The .22 K Hornet

By Chuck Hawks

Lysle Kilbourn created the "Improved" .22 K Hornet in 1940 by fireforming (blowing out) a standard .22 Hornet case. The result was a rimmed, bottleneck case with no body taper, a sharp 40 degree shoulder, and a shorter neck. Its powder capacity was considerably increased and along with it the muzzle velocity (MV) attainable with all bullet weights. This little wildcat became very popular and has been mentioned and written about by many famous gun writers over the years.

It is a pretty simple matter to have a gunsmith rechamber a .22 Hornet rifle for the .22 K Hornet. .22 Hornet factory loads can then be fired in the improved chamber and out comes .22 K Hornet brass for reloading.

Note that different versions of the K Hornet have different neck lengths. Another K Hornet variation is slightly shortened to work in S&W revolvers. These variations affect the maximum average pressure (MAP) of the load, and are points anyone reloading for a K Hornet rifle should keep in mind. Like any wildcat, the dimensions of the .22 K Hornet are not standardized, nor is its pressure limit.

The SAAMI MAP pressure for the .22 Hornet parent cartridge was originally 47,000 cup. In recent years this has been lowered to 43,000 cup. It would seem wise to not exceed the old 47,000 cup limit in any K Hornet rifle.

Here are the specifications for the .22 K Hornet as they appear in the 6th edition of the Hornady Handbook of Cartridge Reloading: Maximum COL 1.723", Maximum case length 1.403", neck length .243", rim diameter.350", bullet diameter .224".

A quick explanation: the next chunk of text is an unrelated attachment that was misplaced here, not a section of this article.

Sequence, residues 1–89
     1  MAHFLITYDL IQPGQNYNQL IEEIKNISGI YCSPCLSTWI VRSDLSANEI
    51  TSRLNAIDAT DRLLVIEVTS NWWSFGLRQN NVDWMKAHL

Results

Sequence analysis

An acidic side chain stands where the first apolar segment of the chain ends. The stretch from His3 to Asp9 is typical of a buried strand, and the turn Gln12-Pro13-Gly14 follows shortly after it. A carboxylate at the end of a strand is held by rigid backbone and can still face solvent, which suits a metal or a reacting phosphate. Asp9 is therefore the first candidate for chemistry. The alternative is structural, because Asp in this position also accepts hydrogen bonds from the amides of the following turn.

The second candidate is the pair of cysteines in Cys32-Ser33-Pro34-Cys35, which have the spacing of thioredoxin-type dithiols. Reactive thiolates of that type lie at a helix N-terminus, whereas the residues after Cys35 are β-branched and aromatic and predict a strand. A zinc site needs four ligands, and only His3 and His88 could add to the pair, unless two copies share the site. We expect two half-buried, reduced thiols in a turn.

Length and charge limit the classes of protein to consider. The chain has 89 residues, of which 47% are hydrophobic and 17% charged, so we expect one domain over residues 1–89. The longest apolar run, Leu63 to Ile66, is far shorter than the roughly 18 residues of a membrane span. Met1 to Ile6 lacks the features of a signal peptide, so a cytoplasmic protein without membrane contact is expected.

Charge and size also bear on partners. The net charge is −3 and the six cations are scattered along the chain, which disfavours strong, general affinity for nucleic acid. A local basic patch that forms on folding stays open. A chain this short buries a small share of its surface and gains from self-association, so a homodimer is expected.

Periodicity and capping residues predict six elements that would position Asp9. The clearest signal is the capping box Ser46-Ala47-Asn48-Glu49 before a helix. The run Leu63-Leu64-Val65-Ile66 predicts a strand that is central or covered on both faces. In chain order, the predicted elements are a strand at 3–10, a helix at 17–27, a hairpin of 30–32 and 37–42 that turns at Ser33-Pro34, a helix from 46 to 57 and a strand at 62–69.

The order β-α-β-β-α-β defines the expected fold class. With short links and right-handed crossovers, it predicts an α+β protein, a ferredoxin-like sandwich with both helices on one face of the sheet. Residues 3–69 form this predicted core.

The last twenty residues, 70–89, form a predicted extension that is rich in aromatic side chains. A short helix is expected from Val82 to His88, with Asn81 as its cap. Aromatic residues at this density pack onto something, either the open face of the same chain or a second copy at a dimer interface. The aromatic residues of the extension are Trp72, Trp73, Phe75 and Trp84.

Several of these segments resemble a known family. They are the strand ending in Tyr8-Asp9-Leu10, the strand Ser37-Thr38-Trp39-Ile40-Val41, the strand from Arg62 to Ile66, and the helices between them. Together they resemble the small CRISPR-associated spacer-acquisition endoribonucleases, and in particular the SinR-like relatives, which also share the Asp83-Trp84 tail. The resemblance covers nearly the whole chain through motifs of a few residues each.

Rifles that have been rechambered from the standard .22 Hornet to .22 K Hornet usually have 1-16" twist barrels and will not stabilize bullets heavier than about 52 grains. In most rifles, 45 grain bullets give good accuracy and performance. Remember that, although blown out, the .22 K Hornet is still a small capacity cartridge.

The Hornady Handbook shows that a reload using their 45 grain bullets in front of 12.0 grains of AA 1680 powder delivers a MV of 2400 fps. A maximum load of 15.1 grains of AA 1680 can drive the same bullets to a MV of 2900 fps. These loads used WSR primers and reformed Hornady cases and were tested in a 24" T/C Encore barrel.

That maximum load is 300 fps faster than the top load for the standard Hornet. Such maximum loads move the .22 K Hornet into the ballistic category of the .218 Bee. However, .22 Hornet brass is quite thin and does not have the case life of most centerfire .22's. Always inspect all brass carefully for incipient head separation before reloading.

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Copyright 2005, 2014 by Chuck Hawks. All rights reserved.